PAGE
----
According to research appearing in the September, 2000 issue of The Lancet, women who are under stress during the first trimester of their pregnancy are more likely to give birth to a child with birth defects than women who are not under stress. The researchers reviewed the medical records of women and looked for sources of extreme stress—like severe illness of a partner or child or death of a loved one. The stress occurred during the pregnancy or up to 16 months before the pregnancy. The researchers identified 3,560 women who had such stress and compared them to over 20,000 pregnancies where the women did not have extreme stress.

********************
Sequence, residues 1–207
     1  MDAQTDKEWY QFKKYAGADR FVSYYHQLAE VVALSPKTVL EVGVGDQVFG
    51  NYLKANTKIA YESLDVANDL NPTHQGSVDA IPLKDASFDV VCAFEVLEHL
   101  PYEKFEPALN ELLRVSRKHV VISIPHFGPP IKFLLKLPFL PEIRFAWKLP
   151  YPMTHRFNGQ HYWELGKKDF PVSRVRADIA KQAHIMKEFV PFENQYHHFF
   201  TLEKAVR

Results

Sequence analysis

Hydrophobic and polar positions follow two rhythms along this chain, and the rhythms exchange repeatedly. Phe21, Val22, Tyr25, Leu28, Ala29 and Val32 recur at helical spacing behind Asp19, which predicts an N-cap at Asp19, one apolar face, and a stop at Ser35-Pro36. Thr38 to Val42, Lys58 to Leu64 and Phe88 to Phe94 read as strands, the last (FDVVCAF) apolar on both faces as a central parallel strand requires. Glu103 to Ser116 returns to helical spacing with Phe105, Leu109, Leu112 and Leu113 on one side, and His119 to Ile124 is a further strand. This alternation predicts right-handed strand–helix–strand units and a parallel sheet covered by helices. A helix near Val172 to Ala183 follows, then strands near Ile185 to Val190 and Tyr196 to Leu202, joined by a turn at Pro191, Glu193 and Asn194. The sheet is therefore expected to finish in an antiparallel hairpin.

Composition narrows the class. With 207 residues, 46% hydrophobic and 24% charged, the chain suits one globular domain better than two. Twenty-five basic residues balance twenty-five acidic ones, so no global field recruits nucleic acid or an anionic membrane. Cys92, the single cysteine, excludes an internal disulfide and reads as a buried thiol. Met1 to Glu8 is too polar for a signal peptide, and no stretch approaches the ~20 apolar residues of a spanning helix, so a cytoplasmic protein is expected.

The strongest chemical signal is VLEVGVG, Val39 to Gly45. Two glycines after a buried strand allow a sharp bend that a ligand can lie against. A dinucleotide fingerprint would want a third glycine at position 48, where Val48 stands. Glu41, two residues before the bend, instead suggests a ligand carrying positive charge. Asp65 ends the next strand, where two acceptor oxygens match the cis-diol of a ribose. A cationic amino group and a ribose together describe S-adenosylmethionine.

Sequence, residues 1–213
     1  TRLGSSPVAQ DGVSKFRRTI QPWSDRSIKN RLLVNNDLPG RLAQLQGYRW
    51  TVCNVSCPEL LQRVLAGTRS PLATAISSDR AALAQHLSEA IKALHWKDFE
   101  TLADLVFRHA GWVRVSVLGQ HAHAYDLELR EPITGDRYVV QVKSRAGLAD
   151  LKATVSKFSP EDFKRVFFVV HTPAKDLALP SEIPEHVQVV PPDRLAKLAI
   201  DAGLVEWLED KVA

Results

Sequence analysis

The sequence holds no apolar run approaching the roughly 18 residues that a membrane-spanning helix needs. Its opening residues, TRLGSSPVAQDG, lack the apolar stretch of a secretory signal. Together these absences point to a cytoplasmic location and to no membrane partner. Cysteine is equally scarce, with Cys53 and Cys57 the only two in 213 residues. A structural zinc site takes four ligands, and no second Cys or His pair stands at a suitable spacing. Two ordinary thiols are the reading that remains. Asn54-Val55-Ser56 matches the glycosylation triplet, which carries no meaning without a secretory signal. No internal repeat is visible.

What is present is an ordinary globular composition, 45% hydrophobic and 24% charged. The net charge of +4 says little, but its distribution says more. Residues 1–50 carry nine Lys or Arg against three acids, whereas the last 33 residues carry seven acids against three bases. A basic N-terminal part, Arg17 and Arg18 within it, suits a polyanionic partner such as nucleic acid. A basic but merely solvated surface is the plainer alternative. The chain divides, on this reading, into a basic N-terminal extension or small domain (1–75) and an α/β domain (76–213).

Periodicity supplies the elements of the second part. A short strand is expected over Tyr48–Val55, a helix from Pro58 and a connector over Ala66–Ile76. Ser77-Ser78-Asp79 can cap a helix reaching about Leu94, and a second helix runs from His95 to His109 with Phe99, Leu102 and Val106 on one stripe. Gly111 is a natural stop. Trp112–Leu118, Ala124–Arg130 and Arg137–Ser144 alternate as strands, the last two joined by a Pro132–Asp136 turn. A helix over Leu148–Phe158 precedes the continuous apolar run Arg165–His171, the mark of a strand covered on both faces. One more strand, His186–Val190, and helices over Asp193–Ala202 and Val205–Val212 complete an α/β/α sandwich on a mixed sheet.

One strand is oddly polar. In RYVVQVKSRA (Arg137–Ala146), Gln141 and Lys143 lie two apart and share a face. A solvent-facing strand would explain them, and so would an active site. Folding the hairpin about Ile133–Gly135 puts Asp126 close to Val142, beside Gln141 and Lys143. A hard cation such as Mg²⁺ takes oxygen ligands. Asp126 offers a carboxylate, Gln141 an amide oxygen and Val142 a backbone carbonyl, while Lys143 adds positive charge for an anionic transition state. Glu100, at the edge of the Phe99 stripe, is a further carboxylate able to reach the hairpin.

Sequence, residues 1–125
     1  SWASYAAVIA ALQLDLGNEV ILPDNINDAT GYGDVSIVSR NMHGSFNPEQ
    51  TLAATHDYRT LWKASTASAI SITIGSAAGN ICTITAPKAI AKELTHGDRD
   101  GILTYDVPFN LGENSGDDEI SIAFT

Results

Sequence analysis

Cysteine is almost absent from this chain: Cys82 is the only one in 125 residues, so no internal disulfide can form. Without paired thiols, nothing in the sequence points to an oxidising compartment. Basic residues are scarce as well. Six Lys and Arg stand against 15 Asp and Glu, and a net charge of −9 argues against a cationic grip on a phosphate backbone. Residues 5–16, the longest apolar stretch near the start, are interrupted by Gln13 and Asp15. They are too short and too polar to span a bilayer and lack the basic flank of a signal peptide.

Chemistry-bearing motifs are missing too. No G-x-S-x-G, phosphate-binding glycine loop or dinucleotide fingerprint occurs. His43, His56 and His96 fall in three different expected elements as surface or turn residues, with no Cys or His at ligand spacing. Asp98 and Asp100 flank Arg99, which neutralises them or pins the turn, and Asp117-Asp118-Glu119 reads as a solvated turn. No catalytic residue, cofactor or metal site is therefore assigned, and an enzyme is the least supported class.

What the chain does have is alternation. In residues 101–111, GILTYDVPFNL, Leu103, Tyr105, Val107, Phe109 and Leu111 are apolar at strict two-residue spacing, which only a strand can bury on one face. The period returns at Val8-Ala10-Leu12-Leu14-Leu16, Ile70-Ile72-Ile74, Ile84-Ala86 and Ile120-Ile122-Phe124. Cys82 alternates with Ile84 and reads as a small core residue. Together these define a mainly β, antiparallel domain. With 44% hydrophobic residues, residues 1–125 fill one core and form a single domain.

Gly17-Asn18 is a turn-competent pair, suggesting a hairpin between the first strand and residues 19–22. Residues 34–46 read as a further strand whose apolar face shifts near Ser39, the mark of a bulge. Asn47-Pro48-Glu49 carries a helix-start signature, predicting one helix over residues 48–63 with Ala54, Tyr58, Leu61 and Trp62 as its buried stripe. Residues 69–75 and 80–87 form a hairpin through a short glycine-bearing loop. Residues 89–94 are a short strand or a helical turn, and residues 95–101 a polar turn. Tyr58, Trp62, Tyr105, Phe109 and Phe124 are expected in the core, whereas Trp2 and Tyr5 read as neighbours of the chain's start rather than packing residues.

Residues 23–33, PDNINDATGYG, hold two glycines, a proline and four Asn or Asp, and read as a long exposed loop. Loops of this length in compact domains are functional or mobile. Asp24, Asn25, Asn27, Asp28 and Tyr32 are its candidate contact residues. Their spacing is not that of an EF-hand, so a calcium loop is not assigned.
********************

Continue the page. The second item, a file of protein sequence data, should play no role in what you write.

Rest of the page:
There were 42 women in the stress group who gave birth to a child with birth defects; this constitutes 1.18% of those pregnancies resulting in a birth defect. In the control group, only 0.65% of the pregnancies resulted in a birth defect. This represents an 80% increase in risk. If the death of an older child occurred during the pregnancy, it created a five-fold increase. If that death was unexpected, it created an eight-fold increase in the likelihood of producing a birth defect.